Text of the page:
by Varshini Chellapilla
Jay Austin was the first study participant to return to the Penn Memory Center after in-person testing was resumed.
Before his visit in July Austin, a participant of the Aging Brain Cohort (ABC) study, had to undergo COVID-19 pre-screening as part of safety protocols. On the day of his appointment, he walked into the Perelman Center for Advanced Medicine, he was greeted by volunteers in masks and personal protection equipment who would check his temperature.
“I think, with all of the safety precautions, I felt really good and very safe and very secure about everything PMC was doing,” Austin said. “Every individual that assists in coordinating the scheduling and conducts the research has just been amazing. So helpful and thoughtful in staying in touch, advising of the process and necessary steps, as well as being available to accompany me throughout my entire time inthe Penn facilities.”
In March, most of the world shut down. As streets emptied and entire countries went into lockdown in an effort to restrict the spread of the novel coronavirus, the doors of the Penn Memory Center closed too.
Researchers, clinicians and social workers moved to work from home and were faced with the challenge of adapting their work to a virtual environment so they could provide necessary resources and services to patients and caregivers.
“I actually haven’t seen the inside of my office since March,” Dr. Largent said. “Although my research hasn’t been severely impacted, it has opened my eyes to new or different research questions. I’ve spent a fair amount this year think about how COVID-19 has affected different populations that Icare about, like older adults, people with dementia, and their care partners.”
The pandemic has seeped into nearly every aspect of life. As clinicians and researchers noticed changes in patients and caregivers, new opportunities for research opened up.
Dr. Emily Largent, RN, JD, PhD, began the COVID Caregiving project —a deep dive into the impact of COVID-19 on caregivers and patients. Dr. Andrew Peterson, a PMC affiliate researcher and assistant professor of philosophy at George Mason University, surveyed over 1,800 Americans about their opinions on potential reallocation of scarce medical resources during the pandemic.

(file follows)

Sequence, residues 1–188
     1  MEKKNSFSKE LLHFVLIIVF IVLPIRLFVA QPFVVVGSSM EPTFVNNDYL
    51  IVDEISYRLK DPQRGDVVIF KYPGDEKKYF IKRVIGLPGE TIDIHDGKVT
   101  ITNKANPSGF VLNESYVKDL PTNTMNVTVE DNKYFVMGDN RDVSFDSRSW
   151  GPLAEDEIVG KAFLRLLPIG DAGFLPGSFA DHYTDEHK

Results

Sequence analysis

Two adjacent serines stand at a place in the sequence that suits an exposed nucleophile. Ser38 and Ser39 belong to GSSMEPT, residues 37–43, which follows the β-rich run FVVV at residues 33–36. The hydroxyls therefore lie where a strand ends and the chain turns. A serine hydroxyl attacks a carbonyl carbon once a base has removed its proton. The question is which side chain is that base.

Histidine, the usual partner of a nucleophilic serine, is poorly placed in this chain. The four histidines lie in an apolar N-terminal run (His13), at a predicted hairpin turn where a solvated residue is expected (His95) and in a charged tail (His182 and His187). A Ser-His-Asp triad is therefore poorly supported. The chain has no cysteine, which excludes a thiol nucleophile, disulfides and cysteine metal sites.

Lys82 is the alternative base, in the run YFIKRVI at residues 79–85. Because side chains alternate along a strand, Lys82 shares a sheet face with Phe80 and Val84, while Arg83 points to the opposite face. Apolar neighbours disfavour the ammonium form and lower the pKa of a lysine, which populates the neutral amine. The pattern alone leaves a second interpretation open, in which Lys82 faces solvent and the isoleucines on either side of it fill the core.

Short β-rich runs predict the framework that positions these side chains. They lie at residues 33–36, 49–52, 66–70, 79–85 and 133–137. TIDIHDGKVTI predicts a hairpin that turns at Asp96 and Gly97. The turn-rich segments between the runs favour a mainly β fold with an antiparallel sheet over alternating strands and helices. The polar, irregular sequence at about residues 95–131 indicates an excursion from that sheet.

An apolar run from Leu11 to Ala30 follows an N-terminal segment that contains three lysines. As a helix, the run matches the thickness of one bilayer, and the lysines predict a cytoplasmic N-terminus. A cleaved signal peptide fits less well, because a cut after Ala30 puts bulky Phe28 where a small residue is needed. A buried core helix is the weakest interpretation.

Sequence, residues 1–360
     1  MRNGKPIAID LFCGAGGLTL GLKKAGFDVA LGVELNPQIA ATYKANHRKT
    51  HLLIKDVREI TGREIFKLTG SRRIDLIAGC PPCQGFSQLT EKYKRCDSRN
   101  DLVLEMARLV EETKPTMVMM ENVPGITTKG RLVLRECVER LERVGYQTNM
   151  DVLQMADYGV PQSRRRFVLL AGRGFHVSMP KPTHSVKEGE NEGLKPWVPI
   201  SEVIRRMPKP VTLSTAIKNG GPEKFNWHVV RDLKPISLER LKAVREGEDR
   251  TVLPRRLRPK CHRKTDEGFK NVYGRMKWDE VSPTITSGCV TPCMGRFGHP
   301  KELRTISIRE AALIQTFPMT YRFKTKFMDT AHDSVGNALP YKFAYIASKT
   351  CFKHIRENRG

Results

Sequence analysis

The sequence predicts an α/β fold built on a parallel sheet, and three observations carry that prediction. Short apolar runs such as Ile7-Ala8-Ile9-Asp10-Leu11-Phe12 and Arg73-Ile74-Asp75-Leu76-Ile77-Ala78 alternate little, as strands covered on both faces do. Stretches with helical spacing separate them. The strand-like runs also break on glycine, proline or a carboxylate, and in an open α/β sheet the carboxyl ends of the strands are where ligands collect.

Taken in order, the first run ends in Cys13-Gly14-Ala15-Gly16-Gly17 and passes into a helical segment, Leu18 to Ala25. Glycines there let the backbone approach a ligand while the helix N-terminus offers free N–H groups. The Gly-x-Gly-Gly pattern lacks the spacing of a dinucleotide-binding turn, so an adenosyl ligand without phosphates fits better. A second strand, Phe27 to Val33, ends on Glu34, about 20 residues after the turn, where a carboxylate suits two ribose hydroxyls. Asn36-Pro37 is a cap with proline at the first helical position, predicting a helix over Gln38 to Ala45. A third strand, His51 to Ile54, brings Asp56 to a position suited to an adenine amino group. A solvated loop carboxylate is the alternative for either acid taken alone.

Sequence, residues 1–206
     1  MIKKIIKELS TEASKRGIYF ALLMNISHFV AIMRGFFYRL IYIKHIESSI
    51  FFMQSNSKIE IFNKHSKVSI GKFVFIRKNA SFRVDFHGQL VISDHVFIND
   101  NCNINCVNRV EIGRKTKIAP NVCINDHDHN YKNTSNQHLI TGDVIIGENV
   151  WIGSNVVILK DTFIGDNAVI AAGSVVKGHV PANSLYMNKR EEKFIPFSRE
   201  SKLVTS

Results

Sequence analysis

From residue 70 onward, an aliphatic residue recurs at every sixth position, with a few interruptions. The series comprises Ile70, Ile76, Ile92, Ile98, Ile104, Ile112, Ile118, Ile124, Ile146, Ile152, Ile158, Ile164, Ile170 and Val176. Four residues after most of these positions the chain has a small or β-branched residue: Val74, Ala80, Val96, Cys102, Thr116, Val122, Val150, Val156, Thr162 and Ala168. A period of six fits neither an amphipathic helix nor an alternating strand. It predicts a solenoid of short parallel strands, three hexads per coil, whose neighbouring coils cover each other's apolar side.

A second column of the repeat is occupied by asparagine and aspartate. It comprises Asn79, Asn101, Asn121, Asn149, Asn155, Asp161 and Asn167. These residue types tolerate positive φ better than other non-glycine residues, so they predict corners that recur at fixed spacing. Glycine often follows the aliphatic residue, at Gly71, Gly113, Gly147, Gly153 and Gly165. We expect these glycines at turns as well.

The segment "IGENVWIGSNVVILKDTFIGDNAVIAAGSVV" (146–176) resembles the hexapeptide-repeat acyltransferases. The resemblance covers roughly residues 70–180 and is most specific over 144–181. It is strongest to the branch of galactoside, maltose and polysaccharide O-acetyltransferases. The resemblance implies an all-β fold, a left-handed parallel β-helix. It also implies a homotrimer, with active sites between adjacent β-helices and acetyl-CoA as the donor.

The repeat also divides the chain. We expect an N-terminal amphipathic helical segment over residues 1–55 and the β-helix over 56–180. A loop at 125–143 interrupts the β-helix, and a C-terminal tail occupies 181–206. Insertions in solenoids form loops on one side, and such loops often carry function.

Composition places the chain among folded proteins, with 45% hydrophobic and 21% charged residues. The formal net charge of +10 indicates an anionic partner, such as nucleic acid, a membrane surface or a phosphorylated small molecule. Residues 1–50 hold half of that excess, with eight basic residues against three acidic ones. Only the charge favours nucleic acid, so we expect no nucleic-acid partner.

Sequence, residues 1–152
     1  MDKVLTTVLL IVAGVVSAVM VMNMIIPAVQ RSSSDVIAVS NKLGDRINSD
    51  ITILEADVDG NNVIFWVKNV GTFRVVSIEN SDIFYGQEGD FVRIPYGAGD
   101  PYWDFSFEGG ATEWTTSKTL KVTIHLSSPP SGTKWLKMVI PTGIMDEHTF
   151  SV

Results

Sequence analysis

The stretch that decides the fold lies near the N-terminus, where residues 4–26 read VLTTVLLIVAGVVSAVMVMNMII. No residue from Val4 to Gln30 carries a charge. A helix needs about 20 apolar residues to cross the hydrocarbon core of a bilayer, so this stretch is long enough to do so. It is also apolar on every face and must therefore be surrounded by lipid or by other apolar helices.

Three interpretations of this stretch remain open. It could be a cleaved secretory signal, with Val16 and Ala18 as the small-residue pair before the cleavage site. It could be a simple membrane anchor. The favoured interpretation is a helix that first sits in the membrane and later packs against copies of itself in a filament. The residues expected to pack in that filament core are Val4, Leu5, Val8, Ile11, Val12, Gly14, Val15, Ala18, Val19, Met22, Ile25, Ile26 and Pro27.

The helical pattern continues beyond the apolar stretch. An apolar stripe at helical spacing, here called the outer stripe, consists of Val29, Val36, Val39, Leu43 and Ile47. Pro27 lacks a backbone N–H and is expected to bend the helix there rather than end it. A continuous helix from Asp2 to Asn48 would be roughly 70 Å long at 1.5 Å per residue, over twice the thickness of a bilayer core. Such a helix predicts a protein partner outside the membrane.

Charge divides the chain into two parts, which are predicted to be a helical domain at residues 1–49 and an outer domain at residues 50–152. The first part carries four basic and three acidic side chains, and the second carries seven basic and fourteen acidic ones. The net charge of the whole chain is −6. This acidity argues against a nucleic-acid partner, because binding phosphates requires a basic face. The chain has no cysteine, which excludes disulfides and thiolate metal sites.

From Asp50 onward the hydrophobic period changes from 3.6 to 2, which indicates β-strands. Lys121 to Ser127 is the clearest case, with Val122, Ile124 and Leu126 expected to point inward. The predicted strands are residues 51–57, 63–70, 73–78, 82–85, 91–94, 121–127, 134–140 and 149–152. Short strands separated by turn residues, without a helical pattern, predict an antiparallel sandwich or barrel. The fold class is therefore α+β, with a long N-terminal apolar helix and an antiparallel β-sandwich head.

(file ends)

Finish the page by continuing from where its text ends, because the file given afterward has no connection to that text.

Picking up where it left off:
In-patient participation in research studies resumed in July. Every participant is now required to go through COVID pre-screening as well as temperature checks on the day of their appointment. Masks are mandatory at all times. At MRI and PET scans, practices like sanitation time, use of personal protection equipment by clinicians and participants, and social distancing are employed.
Melissa Kelley, a clinical research coordinator, helps coordinate the ABC MRI study.
“Overall, we are making sure to do what we can to make the visit as safe and comfortable for our participants as possible,” Kelley said. “It is our goal to make sure people know that we take their safety seriously.”
Programs and services like the caregiver classes, Shake It Up, and Memory Café were adapted for online platforms. Felicia Greenfield, executive director of PMC; Alison Lynn, associate director of social work; and Cynthia Clyburn, a licensed social worker at Penn Neurology, also created forums for caregivers to share experiences and advice during the pandemic. Additionally, social workers continue to meet with patients, conduct psychotherapy and teach the caregiver class.
“Our heart is breaking every day,” Lynn said. “We see how traumatic this is for patients and caregivers. We see how tired they are, we think they are doing a great job, and we just want to support them. None of us have all the answers and we’re figuring things out as we go. So, thank you for your patience as we figure out how to transition everything online.”
Austin continues to be an active study participant at PMC. He has visited the campus two other times since July and believes that his role in the research is important.
“You know, whether this pandemic is with us for months to come or it goes away forever, the cruelty of dementia and memory loss is horrific,” Austin said. “The only way to develop protocols and medication is for people to stay in these research studies. I would hope that people will continue to participate.”
Click the infographic below to learn more about steps in evaluation, treatment, and management of cognitive impairment during COVID-19 at the Penn Memory Center.